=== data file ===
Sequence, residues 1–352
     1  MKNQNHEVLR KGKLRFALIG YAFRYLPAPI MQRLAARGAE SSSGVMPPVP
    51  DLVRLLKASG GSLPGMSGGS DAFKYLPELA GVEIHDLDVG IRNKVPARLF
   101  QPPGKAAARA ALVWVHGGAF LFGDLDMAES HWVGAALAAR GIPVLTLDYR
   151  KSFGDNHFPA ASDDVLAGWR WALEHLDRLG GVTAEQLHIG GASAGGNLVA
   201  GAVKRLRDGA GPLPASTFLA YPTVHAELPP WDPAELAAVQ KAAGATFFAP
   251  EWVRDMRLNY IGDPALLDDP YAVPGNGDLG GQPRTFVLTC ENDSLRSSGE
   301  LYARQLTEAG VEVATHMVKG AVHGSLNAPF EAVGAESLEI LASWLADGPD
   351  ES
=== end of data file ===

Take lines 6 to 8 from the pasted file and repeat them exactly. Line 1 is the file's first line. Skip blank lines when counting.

   201  GAVKRLRDGA GPLPASTFLA YPTVHAELPP WDPAELAAVQ KAAGATFFAP
   251  EWVRDMRLNY IGDPALLDDP YAVPGNGDLG GQPRTFVLTC ENDSLRSSGE
   301  LYARQLTEAG VEVATHMVKG AVHGSLNAPF EAVGAESLEI LASWLADGPD